As he got closer, he noticed that the figure was that of a young man, and that what he was doing was not dancing at all. The young man was reaching down to the shore, picking up small objects, and throwing them into the ocean.

He came closer still and called out "Good morning! May I ask what it is that you are doing?"

The young man paused, looked up, and replied "Throwing starfish into the ocean."

"I must ask, then, why are you throwing starfish into the ocean?" asked the somewhat startled wise man.

To this, the young man replied, "The sun is up and the tide is going out. If I don't throw them in, they'll die."

Upon hearing this, the wise man commented, "But, young man, do you not realize that there are miles and miles of beach and there are starfish all along every mile? You can't possibly make a difference!"

At this, the young man bent down, picked up yet another starfish, and threw it into the ocean. As it met the water, he said, "It made a difference for that one."
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#14 Old 05-01-2012, 09:59 AM
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Quote:
Originally Posted by penny79 View Post

every single thing you do matters. if you change yourself, you change the world.


Once upon a time, there was a wise man who used to go to the ocean to do his writing. He had a habit of walking on the beach before he began his work. One day, as he was walking along the shore, he looked down the beach and saw a human figure moving like a dancer. He smiled to himself at the thought of someone who would dance to the day, and so, he walked faster to catch up.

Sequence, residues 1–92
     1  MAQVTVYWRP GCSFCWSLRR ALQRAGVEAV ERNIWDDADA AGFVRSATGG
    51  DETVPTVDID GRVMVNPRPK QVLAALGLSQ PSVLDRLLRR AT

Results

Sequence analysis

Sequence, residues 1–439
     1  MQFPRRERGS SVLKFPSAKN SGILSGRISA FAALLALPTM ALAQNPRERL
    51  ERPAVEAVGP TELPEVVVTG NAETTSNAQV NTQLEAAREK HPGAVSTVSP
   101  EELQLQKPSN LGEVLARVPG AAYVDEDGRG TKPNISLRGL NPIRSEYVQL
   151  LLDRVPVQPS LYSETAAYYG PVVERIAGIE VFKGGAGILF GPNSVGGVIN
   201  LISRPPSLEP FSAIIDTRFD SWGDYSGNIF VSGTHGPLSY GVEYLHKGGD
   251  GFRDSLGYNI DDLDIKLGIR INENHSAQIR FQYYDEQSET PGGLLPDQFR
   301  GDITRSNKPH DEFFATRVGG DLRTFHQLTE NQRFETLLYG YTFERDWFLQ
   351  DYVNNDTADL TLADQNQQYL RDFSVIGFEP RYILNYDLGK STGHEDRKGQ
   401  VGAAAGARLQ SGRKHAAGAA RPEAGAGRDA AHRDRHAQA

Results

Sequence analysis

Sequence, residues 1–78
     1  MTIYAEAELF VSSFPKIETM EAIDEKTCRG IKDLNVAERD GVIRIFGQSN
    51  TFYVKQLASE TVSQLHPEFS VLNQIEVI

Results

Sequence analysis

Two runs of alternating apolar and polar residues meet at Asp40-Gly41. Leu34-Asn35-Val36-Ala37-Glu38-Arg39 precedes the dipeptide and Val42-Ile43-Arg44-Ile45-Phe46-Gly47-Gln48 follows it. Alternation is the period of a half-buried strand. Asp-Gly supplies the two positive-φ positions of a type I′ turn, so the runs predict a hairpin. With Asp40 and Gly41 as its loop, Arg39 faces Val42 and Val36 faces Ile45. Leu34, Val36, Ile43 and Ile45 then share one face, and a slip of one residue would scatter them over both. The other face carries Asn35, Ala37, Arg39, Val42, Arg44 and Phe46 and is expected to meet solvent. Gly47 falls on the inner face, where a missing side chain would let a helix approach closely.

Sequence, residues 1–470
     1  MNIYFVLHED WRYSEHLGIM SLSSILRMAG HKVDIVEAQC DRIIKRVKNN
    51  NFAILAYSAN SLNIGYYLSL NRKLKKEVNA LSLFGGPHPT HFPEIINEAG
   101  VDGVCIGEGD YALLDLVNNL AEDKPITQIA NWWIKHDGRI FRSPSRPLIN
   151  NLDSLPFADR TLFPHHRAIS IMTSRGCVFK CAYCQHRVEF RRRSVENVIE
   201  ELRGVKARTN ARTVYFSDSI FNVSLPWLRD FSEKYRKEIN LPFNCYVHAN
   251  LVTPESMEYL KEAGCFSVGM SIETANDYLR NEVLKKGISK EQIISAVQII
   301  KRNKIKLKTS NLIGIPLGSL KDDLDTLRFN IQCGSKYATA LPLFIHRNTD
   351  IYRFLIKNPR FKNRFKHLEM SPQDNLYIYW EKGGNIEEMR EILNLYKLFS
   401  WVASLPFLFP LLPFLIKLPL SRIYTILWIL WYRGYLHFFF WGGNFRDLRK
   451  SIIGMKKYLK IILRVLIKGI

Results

As he got closer, he noticed that the figure was that of a young man, and that what he was doing was not dancing at all. The young man was reaching down to the shore, picking up small objects, and throwing them into the ocean.

He came closer still and called out "Good morning! May I ask what it is that you are doing?"

The young man paused, looked up, and replied "Throwing starfish into the ocean."

"I must ask, then, why are you throwing starfish into the ocean?" asked the somewhat startled wise man.

To this, the young man replied, "The sun is up and the tide is going out. If I don't throw them in, they'll die."

Upon hearing this, the wise man commented, "But, young man, do you not realize that there are miles and miles of beach and there are starfish all along every mile? You can't possibly make a difference!"

At this, the young man bent down, picked up yet another starfish, and threw it into the ocean. As it met the water, he said, "It made a difference for that one."

Ahh I love this!

I love my friends. So I don't eat them
I love animals. So I don't eat them either
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#15 Old 05-01-2012, 01:47 PM